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What’s the big deal about the foam roller?

Posted by on May 6, 2015 in Massage, Recovery, Self-Care | Comments Off on What’s the big deal about the foam roller?

What’s the big deal about the foam roller?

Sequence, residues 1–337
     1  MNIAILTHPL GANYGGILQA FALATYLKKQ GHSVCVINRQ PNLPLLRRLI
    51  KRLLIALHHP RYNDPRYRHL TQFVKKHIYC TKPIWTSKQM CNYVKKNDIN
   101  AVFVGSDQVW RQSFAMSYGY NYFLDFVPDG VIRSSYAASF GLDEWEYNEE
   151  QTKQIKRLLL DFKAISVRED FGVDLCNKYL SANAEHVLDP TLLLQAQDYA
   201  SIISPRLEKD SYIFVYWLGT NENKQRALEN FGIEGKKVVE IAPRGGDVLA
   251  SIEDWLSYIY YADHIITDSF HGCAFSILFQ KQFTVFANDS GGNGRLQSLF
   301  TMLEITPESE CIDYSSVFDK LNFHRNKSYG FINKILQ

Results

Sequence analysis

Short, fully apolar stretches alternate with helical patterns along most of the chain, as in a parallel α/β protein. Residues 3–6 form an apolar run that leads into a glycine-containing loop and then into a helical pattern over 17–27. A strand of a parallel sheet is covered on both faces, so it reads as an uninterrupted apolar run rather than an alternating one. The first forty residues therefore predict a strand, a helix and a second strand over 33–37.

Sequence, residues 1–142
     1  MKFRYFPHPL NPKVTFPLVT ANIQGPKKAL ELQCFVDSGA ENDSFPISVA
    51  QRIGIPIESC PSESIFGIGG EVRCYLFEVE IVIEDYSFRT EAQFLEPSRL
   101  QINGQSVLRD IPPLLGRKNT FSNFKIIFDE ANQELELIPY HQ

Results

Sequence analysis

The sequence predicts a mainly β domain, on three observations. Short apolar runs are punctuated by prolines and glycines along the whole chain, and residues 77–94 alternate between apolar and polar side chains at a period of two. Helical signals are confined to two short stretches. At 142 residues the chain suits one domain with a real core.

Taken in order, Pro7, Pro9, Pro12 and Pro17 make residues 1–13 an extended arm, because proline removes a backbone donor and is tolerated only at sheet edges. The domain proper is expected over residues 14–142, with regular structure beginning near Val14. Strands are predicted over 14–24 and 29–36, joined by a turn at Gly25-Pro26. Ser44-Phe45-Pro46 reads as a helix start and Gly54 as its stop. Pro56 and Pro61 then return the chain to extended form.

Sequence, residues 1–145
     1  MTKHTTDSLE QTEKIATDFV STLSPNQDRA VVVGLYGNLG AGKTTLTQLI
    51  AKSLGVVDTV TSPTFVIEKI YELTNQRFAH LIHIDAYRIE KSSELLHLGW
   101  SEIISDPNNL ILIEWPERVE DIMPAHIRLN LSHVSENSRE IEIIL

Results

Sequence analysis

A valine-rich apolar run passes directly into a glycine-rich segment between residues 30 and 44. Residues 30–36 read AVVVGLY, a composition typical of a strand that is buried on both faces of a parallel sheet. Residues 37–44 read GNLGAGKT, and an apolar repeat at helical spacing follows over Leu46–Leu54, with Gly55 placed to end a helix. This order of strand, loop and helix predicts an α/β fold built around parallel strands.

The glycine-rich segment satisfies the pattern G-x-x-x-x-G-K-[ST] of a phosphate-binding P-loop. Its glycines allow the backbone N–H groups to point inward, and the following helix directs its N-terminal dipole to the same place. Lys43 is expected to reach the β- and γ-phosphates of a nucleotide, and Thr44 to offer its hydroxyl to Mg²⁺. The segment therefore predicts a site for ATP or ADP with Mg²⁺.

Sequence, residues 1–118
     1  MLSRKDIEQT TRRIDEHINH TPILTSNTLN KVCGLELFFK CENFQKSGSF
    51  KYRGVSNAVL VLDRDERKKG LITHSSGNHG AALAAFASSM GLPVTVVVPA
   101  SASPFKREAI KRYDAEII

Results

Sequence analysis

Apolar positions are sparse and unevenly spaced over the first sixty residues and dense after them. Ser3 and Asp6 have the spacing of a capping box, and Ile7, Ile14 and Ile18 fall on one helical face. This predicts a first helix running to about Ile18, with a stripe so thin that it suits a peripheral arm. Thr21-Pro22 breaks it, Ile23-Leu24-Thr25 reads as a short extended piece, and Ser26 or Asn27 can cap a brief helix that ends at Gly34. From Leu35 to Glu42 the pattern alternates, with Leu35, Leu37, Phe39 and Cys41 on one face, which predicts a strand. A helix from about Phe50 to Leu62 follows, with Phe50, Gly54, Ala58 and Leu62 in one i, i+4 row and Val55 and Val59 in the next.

Okay, okay. I know my clients, friends and loved ones are probably pretty sick of hearing me sing the praises of foam rollers. What the heck IS a foam roller you say? And why/how do they help? Let me try to chip away at all your questions and misconceptions. No-they are not a cure-all for all your muscular aches and pains. No-they wont help decrease cellulite. No-they cannot combat varicose veins or spider veins. No-they are not as good as getting a session with a massage therapist. That being said though, they CAN be a huge help for those who have chronic systemic tension issues, standing on their feet all day issues, “no time to get a massage” issues, people who “like feeling good on a regular basis” issues and finally those who “like knowing how to help themselves feel better” issues. Does that clear that up? Now that you are interested, I will continue…. Now there is no substitute for getting a great massage therapist to work out your aches, pains and injuries. But the foam roller can help space out those visits to a manageable time frame for both you and your wallet. Foam rollers perform a type of self-massage that can be compared with myofascial release. Using your bodyweight and gravity, foam rollers “stretch” the fascia out and can help it become more pliable and “un-stick” it to itself and the underlying tissues (muscle). This gain of movement between the layers of tissue can help improve tightness, range of motion and gain some flexibility. Two important factors in using a foam roller best are breath and taking time/slowing down while on the roller. It is going hurt when you use the roller on a tight band of muscles. For sure. If there is no discomfort/pain, there’s nothing going on here–keep moving! Once you get past the initial OMG of it, you will see that when you breathe thru the tightness, the pain can and will subside. I would say you should roll on each muscle group for at LEAST one minute–at least. A huge thing that makes the foam roller so awesome is that it can be a completely passive event. You just lie on it and it does most of the work for you–depending on the muscles you are trying to work. You can watch TV (if you are so inclined), listen to the radio, hold a conversation, play with your kids and pets (not to mention they will love that you are on the floor with them) and all sorts of other fun things while you roll. Did I mention breathing? You need to BREATH slowly and steadily while you are doing all this rolling. Hold your breath and you will see how quick your muscles can tighten up or simply refuse to let go of the tension–it won’t be good, let me tell you from experience! You should roll the foam roller slowly while taking deep breaths and you will find that soon, you won’t be feeling the pain much anymore. And it may not hurt so much when you go to reach over and pick up those groceries any more either. You may not know right now what a foam roller is or what it feels like to use one, but soon after owning one you will wonder how you have gone this long without one! I promise! And if you don’t, I am HAPPY to show you some techniques for stretches in the office. Just bring your new foam roller in with you and I will go through and help you...